July 1, 2018

Day 184/13

Noon Position: 44 54N 141 43W

Course/Speed: ExN3-4

Wind: SW7-9

Bar: 1034

Sea: SW2

Sky: FOG, heavy

Cabin Temperature: 74

Water Temperature: 55

Sail: Spinnaker, poled to port. No main. Not enough air.

Noon-to-Noon Miles Made Good: 117

Miles this leg: 1805

Avg. Miles this leg: 139

We motored all night, a good choice as the foretold wind never rose above 5 knots dead aft. I’ve edged up to 45N to get a leg over the fence that is this high pressure system, and each mile we travel north, the high happily obliges by rising to meet us. Last hour the barometer had risen to 1035. 1035!

This is my fourth leap home across the Pacific and is, without rival, the winner for unsettled, fluky weather. Mo has 50 hours on the engine in the last 12 days. Compare that to something on the order of none on the last three trips. And in two days, we’ll be overtaken by a near gale from the north. And then flat calm again.

At dawn, finally wind enough to fly the spinnaker and shut down the Bukh, and that’s how we sail even as I type, ghosting along…

Ghosting. The idea has haunted my day. Mo glides silently through the water with no apparent effort and from no apparent aid, for the spinnaker is engorged and immobile, but on what wind? I climb into the cockpit, and I can feel none on my face. The meter says true wind is 8 knots. Another meter says we are traveling with it at 4 knots. I should feel 4 knots on my face but do not. Possibly the meters conspire, even with the meter that shows our course. They have their own destination in mind.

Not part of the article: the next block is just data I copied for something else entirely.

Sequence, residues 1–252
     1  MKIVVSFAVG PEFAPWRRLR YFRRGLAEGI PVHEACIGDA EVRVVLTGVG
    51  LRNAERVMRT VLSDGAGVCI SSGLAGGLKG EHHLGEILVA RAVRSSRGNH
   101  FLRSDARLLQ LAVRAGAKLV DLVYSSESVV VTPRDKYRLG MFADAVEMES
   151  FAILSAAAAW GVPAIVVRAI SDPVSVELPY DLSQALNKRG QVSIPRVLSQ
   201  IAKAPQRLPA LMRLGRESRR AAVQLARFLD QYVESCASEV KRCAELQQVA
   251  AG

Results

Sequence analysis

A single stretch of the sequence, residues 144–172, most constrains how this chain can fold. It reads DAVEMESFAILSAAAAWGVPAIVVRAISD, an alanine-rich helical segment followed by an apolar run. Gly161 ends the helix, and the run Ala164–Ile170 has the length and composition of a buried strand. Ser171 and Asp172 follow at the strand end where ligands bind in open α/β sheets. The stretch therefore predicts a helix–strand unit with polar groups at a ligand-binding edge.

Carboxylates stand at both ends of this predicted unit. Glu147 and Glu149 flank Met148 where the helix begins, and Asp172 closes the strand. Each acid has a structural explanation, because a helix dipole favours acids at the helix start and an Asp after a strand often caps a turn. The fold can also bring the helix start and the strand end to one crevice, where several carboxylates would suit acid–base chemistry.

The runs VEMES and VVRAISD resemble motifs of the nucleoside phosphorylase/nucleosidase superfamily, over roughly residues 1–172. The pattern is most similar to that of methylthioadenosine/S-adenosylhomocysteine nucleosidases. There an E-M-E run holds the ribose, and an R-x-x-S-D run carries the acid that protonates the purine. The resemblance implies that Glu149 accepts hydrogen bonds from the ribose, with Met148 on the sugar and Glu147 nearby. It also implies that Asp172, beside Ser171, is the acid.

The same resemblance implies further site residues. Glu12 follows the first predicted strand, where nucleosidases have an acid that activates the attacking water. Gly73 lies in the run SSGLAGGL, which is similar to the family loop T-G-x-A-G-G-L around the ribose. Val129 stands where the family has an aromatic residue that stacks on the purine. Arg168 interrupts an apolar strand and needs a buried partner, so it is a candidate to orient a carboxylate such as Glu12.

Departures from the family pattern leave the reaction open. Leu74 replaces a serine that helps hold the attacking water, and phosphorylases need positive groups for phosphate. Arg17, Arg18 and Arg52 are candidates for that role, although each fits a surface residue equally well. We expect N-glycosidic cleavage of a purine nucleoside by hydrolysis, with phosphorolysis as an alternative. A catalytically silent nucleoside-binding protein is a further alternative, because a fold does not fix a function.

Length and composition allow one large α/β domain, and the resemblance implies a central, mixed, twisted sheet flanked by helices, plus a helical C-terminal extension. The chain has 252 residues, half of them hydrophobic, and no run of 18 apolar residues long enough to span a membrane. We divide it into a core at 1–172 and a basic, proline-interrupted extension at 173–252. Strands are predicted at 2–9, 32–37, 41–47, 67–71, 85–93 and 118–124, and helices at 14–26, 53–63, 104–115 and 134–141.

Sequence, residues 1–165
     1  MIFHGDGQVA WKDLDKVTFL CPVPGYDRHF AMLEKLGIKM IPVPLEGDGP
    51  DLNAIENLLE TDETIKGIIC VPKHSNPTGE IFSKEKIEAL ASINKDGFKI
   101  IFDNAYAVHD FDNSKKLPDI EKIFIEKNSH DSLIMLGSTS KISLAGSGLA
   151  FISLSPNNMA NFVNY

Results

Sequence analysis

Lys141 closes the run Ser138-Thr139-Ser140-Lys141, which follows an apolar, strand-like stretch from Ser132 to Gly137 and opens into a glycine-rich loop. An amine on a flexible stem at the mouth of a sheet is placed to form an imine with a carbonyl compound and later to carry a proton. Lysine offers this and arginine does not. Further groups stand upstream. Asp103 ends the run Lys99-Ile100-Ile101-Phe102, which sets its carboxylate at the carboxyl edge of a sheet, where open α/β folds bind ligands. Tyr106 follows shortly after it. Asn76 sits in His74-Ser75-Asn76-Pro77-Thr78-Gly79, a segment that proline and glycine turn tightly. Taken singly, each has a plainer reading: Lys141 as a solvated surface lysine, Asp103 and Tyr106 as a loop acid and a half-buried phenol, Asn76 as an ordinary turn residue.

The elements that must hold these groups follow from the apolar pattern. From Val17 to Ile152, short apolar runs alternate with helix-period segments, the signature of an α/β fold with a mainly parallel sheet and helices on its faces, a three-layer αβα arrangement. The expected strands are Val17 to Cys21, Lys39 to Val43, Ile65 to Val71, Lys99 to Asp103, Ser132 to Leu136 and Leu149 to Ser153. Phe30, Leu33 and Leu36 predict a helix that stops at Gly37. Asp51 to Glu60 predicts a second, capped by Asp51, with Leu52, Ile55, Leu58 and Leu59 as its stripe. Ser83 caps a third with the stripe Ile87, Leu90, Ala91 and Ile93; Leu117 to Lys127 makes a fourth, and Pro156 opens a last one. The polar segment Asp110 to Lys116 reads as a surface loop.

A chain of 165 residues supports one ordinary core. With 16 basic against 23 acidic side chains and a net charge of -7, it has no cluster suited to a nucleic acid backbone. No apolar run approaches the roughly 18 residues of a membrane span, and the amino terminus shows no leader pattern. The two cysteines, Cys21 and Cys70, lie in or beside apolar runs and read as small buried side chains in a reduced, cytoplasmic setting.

Then, in the afternoon of the sixth day of this low and creeping fog, fog thickens. Visibility, five boat lengths. We are sailing under a dome of cloud whose speed and direction match our own. We turn; it turns with us. Because, you see, it appears there is some agency to the fog; some malicious intent. As if, at the direction of Aeolus, we are being led blindly away from our goal. The fog will lift on some future day and find us passing too close to Scylla or Charybdis or on the hard in a Walmart parking lot in suburban Minnesota. Then all the gods will have a good laugh. Oh, ha ha ha.

The wind is dying. The spinnaker goes limp. Visibility two boat lengths. Still, we are ghosting.

2 Comments on “Ghosting

  1. Hang in there!! Randall!!!! MO will get you home! A slow passage makes the heart of Home grow fonder and fonder! Love being there right with you! I know your frustration!! Pam

  2. The calm of the passage gives the mind lots of time to imagine and create image and tale! Wow!

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